For all motorists, finally some positive news, which could save a lot of money every year.
Every year, millions of Italian motorists are annoyed by one of the most hateful taxes related to vehicle ownership: the car tax. The European Union has brought astonishing news that calls all of this into question.
The car tax is one of the most hated taxes and provides that car owners have to pay an amount corresponding to the possession of the vehicle every year. It is a regional tax and each region proposes its own rules for deadlines and payments. Disabled people and those who buy environmentally friendly vehicles, such as hybrid or electric ones, are exempt from the tax by law. Some categories are also exempt from payment, depending on regional regulations. In some cases it is also necessary to pay the super stamp.
This means that households in Italy owning multiple cars for a single household will account for a significant tax on each household’s annual expenditure. Luckily, there seems to be some good news for car owners. In fact, other European countries have already adopted different rules which do not provide for a fixed annual amount, or provide for a relatively low annual fixed amount, while the rest is calculated on the basis of the actual use of the car during the year, i.e. on the basis the number of kilometers travelled. The calculation of the tax also includes CO2 emissions and therefore also takes into account the vehicle type and engine capacity.
This new “consumption” rule has proved to be very successful both for car users and for society as a whole: the former have obtained lower annual payments than the previous tax and, secondly, they have discouraged the use of cars in urban spaces thanks to a 10% reduction in emissions.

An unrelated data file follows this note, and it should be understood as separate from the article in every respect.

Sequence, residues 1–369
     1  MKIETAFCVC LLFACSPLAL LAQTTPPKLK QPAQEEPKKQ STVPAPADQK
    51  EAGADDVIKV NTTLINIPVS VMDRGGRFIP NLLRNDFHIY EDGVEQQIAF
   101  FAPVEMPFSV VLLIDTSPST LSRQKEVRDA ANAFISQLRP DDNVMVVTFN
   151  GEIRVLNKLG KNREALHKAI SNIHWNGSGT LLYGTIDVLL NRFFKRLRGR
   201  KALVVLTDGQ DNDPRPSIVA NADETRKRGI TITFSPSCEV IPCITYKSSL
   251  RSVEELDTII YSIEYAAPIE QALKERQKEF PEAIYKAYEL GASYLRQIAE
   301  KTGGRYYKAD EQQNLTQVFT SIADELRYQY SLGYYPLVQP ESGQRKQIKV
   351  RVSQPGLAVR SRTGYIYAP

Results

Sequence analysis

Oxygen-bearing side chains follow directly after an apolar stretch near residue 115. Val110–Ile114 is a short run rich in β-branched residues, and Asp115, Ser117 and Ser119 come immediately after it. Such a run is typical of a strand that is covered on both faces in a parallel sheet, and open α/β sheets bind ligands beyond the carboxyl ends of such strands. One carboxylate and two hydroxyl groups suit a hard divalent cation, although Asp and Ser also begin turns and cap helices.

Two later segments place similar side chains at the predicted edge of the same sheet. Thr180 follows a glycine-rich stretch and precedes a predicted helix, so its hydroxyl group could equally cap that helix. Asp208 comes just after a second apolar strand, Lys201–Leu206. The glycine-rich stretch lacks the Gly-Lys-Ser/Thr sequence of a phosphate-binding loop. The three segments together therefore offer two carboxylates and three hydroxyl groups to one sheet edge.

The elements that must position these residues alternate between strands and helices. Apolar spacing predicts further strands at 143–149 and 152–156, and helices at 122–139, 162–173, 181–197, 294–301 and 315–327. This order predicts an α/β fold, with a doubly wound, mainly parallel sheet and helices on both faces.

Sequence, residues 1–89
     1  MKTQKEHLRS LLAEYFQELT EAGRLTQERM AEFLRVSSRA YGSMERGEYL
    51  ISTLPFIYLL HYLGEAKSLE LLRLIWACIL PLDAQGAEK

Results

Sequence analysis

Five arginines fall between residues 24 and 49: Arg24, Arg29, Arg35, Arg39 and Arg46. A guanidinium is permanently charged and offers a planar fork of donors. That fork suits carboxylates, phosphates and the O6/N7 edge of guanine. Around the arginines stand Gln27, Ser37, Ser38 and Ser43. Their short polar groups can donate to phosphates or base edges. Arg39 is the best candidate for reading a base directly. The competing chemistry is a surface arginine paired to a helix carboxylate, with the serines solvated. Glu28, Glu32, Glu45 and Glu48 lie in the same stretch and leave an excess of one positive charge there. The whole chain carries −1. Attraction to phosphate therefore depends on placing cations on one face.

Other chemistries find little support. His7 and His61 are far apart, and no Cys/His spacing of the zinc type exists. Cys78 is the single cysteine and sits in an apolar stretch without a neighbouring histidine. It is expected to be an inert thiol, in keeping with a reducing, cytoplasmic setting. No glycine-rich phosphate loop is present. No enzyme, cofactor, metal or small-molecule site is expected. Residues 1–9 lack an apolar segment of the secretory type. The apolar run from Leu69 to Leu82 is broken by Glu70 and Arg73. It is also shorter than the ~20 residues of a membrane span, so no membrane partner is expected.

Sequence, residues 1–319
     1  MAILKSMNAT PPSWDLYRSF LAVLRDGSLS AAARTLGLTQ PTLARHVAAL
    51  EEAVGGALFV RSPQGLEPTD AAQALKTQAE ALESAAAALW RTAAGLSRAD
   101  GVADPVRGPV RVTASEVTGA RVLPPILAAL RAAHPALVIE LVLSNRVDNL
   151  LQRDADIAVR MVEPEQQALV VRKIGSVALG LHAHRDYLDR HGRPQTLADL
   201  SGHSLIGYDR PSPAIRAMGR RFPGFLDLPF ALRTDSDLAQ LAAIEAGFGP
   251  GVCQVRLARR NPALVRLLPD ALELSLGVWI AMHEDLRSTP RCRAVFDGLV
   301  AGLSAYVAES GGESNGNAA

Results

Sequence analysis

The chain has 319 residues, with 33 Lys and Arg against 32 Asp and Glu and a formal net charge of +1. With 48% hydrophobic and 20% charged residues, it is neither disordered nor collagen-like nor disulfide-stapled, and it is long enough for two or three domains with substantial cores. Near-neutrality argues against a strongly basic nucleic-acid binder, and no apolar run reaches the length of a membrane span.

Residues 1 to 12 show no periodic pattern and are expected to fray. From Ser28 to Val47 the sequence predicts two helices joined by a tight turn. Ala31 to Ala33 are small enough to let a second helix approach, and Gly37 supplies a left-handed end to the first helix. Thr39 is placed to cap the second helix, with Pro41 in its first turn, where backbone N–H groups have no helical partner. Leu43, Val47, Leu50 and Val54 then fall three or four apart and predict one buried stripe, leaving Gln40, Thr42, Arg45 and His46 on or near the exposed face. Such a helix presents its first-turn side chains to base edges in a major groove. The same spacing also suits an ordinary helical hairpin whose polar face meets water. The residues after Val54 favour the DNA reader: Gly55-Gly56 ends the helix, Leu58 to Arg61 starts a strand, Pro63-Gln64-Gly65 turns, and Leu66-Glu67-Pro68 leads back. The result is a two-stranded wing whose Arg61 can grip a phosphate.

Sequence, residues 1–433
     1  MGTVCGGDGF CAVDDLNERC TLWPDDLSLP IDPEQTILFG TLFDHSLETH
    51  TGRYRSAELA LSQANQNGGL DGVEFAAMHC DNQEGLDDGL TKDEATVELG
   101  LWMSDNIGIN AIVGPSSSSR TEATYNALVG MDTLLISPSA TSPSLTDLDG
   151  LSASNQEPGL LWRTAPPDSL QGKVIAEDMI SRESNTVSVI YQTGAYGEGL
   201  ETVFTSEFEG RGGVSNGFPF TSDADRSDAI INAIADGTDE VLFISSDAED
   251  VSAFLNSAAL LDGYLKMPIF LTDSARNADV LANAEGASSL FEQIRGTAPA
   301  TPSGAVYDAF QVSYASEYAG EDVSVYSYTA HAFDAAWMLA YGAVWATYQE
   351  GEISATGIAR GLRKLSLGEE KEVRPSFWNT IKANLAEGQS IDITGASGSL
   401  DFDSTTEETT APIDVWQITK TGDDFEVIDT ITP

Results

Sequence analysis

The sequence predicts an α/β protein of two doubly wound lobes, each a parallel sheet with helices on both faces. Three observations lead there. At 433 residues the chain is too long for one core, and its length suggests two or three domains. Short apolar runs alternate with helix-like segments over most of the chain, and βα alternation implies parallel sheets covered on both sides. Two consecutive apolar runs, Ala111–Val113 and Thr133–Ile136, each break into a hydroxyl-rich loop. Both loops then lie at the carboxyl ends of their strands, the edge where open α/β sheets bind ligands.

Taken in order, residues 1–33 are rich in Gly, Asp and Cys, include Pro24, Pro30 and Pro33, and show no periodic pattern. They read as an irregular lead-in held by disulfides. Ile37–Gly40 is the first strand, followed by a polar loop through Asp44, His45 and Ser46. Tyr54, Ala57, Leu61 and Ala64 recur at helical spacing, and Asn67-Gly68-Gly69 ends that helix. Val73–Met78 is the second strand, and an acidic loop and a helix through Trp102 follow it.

A similar model applies in Portugal, where the annual fee can range from a basic €28 upwards.
Consider, for example, a petrol car of the same model manufactured and distributed in 1997: if it was registered in Portugal in 1997, it would have to pay an annual tax of 28 euros. If, on the other hand, the vehicle was registered in France in 1997 and imported into Portugal in 2001, it would have to pay a tax of 50 euros. A vehicle registered in Germany in 1995 and imported into Portugal in October 2007 would pay 50 euros for the engine size, plus a tax relating to the level of CO2 emitted. Now let’s look at a more recent vehicle with an engine capacity of 1300 cc, registered in 2005 in Portugal, this vehicle would pay an annual road tax of 32 euros. If, on the other hand, the vehicle was registered in Italy in 2006 and imported into Portugal in October 2007, it will have to pay 50 euros plus an amount calculated on the basis of CO2 emissions.